Biden redirecting billions approved for wall to environmental and safety concerns at border

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The remainder of billions of dollars that Congress appropriated for border wall construction during the Trump administration will instead be spent on safety and environmental concerns left from the projects, the Biden administration announced Friday afternoon.

President Joe Biden suspended wall construction after taking office in late January and ordered his administration to review all $15 billion in wall spending, of which $4 billion came from Congress, and $10.5 billion was diverted by former President Donald Trump from the Defense Department. Of the $10.5 billion in money redirected from the Pentagon, just $2 billion was unspent.

The Department of Homeland Security is legally obligated to spend the remainder of the funds appropriated by Congress on border-related construction. For example, the remainder will be spent to install a levee system in 13.4 miles of low-lying borderland in Hidalgo County, Texas. The need for a levee system arose after border wall construction started and then stopped.

“DHS will also prioritize using the remaining funds consistent with their appropriated purposes for necessary clean-up of construction sites previously funded by the Department of Defense, including drainage, erosion control, site remediation, and material disposal,” the department said in a statement.

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Another project to be funded by leftover congressional funds will deal with soil erosion where the wall was built in San Diego, California.

“Improper compaction of soil and construction materials along a wall segment constructed under the previous administration are causing dangerous erosion in San Diego. DHS has authorized necessary backfill projects to ensure the safety of nearby border communities,” according to the DHS.

It was not specified how much money was unspent.

Some money will clear out remaining equipment left behind at border wall sites across Texas, Arizona, New Mexico, and California.

The Trump administration completed 450 miles of slatted border fence in all four southern border states, though much of it replaced shorter fences or was secondary fencing that ran parallel with the main wall. Beyond the 450 miles of wall, more than 300 more were going up or were about to be installed. The overseeing federal agency at the DHS, Customs and Border Protection, told construction crews nationwide to suspend operations by Jan. 27, so the 300 miles were not completed.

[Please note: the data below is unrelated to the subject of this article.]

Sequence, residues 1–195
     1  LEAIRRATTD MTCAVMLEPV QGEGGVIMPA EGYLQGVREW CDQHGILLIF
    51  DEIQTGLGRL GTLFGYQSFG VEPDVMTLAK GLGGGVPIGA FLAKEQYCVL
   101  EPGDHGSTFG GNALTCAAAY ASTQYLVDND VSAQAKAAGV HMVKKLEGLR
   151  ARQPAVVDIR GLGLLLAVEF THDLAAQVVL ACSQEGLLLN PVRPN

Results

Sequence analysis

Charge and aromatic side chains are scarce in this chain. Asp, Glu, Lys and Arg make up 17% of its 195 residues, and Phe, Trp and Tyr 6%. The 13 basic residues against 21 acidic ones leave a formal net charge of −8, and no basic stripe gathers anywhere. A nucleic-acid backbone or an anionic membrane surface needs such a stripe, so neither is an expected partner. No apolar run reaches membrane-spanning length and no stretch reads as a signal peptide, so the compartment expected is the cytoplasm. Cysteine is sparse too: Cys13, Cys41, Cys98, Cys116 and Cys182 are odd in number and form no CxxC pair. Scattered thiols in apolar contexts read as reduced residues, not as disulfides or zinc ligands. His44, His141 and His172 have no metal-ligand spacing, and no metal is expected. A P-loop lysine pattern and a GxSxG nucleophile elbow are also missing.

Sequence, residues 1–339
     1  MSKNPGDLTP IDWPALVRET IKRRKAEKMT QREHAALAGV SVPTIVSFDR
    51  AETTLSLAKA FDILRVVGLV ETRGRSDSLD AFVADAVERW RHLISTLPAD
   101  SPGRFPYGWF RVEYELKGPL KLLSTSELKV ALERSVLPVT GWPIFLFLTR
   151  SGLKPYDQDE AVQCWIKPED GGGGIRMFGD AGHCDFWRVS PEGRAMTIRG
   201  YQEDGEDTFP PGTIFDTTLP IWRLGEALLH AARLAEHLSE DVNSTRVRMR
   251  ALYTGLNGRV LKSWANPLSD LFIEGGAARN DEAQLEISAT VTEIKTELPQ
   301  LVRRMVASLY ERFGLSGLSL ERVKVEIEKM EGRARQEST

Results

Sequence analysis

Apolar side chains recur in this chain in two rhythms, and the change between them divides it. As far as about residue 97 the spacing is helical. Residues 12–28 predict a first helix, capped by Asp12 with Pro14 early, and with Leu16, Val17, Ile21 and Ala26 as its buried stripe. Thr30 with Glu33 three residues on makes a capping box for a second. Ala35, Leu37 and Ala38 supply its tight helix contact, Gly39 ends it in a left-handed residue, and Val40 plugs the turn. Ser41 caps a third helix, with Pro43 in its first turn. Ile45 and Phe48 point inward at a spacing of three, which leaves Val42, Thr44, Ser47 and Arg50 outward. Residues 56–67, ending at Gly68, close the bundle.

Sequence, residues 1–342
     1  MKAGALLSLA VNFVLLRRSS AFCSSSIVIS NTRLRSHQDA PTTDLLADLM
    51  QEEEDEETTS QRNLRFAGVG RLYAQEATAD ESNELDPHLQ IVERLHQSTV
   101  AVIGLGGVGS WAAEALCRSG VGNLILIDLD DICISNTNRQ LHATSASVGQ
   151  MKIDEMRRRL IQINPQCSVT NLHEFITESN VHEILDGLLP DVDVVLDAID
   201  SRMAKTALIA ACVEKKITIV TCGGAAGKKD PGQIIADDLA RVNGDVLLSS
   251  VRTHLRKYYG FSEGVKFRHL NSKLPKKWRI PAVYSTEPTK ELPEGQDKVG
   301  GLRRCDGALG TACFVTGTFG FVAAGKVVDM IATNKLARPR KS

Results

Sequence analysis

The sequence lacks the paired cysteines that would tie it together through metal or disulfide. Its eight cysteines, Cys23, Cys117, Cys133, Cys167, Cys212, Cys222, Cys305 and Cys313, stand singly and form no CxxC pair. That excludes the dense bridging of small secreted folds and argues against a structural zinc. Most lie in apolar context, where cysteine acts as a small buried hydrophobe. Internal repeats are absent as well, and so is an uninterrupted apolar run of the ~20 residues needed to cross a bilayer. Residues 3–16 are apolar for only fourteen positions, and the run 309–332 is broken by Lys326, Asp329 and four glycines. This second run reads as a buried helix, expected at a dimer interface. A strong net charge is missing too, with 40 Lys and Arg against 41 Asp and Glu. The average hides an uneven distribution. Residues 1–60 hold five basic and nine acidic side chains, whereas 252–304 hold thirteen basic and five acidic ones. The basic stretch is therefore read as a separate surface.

In President Barack Obama’s final appropriations year, Congress made available $341 million for 40 miles of replacement wall in San Diego and El Centro, California, and El Paso, Texas, all of which have been completed. The three regions are among nine the Border Patrol use to divide the border.

In 2018, Congress quadrupled its wall funding, providing $1.375 billion for 78 miles for new and replacement wall in the Rio Grande Valley of Texas, various regions of California, and Yuma, Arizona.

Trump then asked for $18 billion in late 2018 that was denied, prompting a 35-day government shutdown over his refusal to accept a far lower amount of funding. Unsuccessful, Trump declared a national emergency at the border, allowing him to take more than $10.5 billion in 2019 and 2020 from funding that Congress had appropriated for other departments. He received $1.375 billion from Congress in 2019 and redirected $601 million from the Treasury Forfeiture Fund for new wall in the Rio Grande Valley.

The remaining $9.9 billion was taken from the Pentagon: $6.3 billion in counternarcotics funds and $3.6 billion in military construction funds. The military construction money went toward a 175-mile portion of primary and secondary fence in San Diego, El Centro, Yuma, El Paso, and Laredo, Texas, of which 86 miles is finished.

The counternarcotics money went toward two projects. The first was replacing 129 miles of border wall in El Paso, Tucson, and El Centro, which have been completed. The second project went to new and replacement primary and secondary walls in all four border states — 118 miles of the 162-mile project were completed as of January.

Congress gave CBP another $1.375 billion in 2020 for new wall near Laredo. Construction has not started and is pending until the land can be acquired. Another $1.4 billion for construction was provided in 2021.

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While Biden stopped wall construction following an outcry from his party during the Trump administration, government-funded border wall construction is nothing new. Projects took off in the 1990s when former President Bill Clinton approved a Border Patrol hiring spree and wall projects.

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Tags: News, Construction, Homeland Security, Border Security, Customs and Border Protection, Joe Biden, Donald Trump, White House

Original Author: Anna Giaritelli

Original Location: Biden redirecting billions approved for wall to environmental and safety concerns at border

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